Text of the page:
Apps & Mobile

So How Did The Samsung, Jay-Z Partnership Turn Out?

Jay Z cover resizedBy Liv Buli (@lbuli)), Resident Data Journalist for music analytics company Next Big Sound.

Critics have been quick to deem the branding deal that went down between Hov and Samsung a major flop.

To recap – the current king of the music industry (so powerful that they’ll stop the time-to-shut-up-now soundtrack during the Grammy awards for him) negotiated a multi-million-dollar deal with Samsung to pre-release a million copies of his latest opus Magna Carta Holy Grail through a Samsung-developed android app. But glitches in the technology, Snowden-esque privacy concerns, file leaks and more, have led to an onslaught of articles dismissing the marketing stunt as a failure. But was it really?

If the aim of this deal was to combine forces in order to raise awareness around not only the album drop, but also Samsung’s product, the aim has been achieved. Just google "samsung galaxy Jay-Z" and you’ll find more relevant search results than you can count. Every major news outlet has covered this story from more angles than one, and Samsung could report that despite the difficulties in downloading the app, almost all the allotted downloads had taken place by Monday.

What is more, Samsung is seeing a lot of activity on the social side, with their number of new Twitter followers up 21% in the last week and also a slight bump in Facebook page likes at 9%. In the past month, the official YouTube channel of Samsung Mobile USA has attracted north of 51 million video views, a 324% increase from the month before, and more than a third of their total number of views – all thanks to a series of Samsung + Jay-Z promo videos around the process behind creating MCHG.

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In other notable album release marketing moves, Hov also created quite the rumble on Monday, one day before the album’s official release to the rest of us non-Galaxy-owning plebs, with a rare spurt of Twitter activity around a Q&A. Retweeting and commenting on the questions of followers, Mr. Carter saw his following increase by more than 70,000, 300,000+ mentions, and his retweets are up more than 9000% percent from last week.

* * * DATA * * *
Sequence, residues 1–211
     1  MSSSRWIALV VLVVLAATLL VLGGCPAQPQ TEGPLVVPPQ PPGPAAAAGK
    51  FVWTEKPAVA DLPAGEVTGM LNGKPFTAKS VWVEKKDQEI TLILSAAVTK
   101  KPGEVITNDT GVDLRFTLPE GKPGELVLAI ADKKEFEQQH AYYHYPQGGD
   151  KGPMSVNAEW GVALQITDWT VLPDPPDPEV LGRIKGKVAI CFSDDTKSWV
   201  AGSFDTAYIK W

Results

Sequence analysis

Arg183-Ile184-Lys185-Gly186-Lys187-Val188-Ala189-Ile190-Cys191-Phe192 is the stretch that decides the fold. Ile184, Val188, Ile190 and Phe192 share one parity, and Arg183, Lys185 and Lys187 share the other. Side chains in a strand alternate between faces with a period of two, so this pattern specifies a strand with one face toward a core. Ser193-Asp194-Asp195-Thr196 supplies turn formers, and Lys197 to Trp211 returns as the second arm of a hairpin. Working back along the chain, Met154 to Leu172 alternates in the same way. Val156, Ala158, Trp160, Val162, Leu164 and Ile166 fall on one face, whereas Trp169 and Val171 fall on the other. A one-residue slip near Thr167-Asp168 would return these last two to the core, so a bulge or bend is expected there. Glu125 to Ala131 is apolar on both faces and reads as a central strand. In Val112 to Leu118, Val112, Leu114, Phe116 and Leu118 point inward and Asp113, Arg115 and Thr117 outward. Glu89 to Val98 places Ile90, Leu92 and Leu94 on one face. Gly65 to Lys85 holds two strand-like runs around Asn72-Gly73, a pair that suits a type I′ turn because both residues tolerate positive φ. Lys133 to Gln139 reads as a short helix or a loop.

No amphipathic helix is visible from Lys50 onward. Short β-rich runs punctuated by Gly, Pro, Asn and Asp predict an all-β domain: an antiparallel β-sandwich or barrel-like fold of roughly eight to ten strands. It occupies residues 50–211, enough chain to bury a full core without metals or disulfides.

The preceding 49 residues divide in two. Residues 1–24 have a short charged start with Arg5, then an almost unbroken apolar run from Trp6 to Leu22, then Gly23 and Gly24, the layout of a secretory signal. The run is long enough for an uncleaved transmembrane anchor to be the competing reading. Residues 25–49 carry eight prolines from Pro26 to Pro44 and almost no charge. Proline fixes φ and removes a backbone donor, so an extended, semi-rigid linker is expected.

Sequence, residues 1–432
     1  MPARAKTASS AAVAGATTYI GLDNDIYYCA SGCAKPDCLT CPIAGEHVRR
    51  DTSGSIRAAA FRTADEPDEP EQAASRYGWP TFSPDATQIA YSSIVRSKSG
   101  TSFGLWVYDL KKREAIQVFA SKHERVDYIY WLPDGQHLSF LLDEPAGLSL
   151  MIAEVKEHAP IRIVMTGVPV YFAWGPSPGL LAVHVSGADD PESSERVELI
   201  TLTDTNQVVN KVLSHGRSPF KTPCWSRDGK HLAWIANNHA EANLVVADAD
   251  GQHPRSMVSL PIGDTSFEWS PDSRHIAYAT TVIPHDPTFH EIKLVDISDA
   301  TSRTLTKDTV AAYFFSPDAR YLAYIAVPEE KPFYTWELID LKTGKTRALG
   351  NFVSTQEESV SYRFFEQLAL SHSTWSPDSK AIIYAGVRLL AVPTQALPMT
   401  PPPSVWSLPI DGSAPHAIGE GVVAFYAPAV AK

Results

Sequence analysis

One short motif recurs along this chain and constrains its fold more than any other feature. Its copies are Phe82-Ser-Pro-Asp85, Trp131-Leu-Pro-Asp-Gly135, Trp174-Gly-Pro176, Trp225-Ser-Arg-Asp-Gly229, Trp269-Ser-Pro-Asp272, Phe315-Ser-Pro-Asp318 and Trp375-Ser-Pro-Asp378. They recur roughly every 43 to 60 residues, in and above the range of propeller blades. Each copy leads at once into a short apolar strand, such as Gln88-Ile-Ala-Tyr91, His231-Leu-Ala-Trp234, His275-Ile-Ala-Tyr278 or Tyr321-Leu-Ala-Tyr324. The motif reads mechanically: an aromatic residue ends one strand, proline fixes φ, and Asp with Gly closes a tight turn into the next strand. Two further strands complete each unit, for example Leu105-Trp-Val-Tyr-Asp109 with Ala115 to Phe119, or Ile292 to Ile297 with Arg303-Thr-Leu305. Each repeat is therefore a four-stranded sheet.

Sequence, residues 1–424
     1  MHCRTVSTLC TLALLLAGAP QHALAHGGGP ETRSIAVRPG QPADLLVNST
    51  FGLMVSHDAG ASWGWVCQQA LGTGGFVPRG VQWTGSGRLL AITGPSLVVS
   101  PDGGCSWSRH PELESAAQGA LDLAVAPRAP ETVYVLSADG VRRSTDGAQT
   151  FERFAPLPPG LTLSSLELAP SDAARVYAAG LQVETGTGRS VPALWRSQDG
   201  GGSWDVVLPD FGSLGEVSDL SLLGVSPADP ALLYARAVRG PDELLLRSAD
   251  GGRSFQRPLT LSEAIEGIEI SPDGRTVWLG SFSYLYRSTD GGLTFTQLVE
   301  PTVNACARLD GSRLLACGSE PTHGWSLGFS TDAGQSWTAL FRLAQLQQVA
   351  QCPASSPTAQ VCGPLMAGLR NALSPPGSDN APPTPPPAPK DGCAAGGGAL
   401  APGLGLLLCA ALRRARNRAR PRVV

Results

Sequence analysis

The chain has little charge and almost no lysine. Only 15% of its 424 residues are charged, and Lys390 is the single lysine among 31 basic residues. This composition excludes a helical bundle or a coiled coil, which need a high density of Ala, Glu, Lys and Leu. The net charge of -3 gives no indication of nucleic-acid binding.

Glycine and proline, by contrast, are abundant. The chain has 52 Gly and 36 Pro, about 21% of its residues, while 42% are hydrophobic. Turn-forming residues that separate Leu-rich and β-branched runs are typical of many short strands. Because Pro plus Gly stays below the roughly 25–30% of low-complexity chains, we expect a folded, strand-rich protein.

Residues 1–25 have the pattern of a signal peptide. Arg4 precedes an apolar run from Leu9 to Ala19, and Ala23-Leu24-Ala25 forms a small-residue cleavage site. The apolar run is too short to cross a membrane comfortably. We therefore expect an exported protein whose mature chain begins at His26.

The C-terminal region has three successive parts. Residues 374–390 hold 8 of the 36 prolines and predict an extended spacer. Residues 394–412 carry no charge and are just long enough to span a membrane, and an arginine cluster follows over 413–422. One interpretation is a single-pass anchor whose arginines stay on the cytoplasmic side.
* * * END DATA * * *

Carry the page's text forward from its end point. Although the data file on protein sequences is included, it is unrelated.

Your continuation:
Whether or not it all went precisely according to plan, in the struggle for the Galaxy to compete with the cultural cachet of the iPhone, Samsung has certainly managed to bring their product to the headlines, successfully crafted their association with one of the biggest and most influential names in the music industry, and are seeing a rise in their stock market value.

And despite copies of MCHG leaking across the internet over the weekend, according to Billboard, first week album sales are predicted to be as high as half a million. So both Jay-Z and Samsung can pat themselves on the back for making waves with innovative attempts at marketing music, and doing good branding business.

Liv Buli is the resident data journalist for music analytics company Next Big Sound. Buli is a graduate of New York University’s Arthur L. Carter Journalism Institute and her work has appeared in Newsweek Daily Beast, The New York Times Local East Village, Hypebot and more.

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5 Comments

  1. When you are spending $25Million on a record launch, your goal is not awareness. It is sales. Time will tell if this ego-filled, glamor project has been a success or not.

  2. OK, the album goal is to sale records, and Samsung’s goal was awareness. I will have to say both goals were met.

  3. Samsungs goal was not awareness, their galaxy lines has the highest awareness in telecom, next to iPhone. That was jay~z goal. When spending $25m on a stunt, your goal is to raise perference and purchase of the brand. And even if awareness was a goal, it was a pitiful ROI.
    And none of it was long term, interest, as you can see from the graph, disappated once the money did. I say it was a stunt with no follow through to maintain a longer term goal.

  4. I’d argue that Jay-Z has seen great success on the sales side as well. His album sold over 500,000 copies in its first week and I believe it’s over 700,000 now. It was one of his largest opening weeks of his career.
    It’s kind of funny how much negativity there is when an artist tries out a new approach. People are quick to point out the faults rather than highlight the successes.

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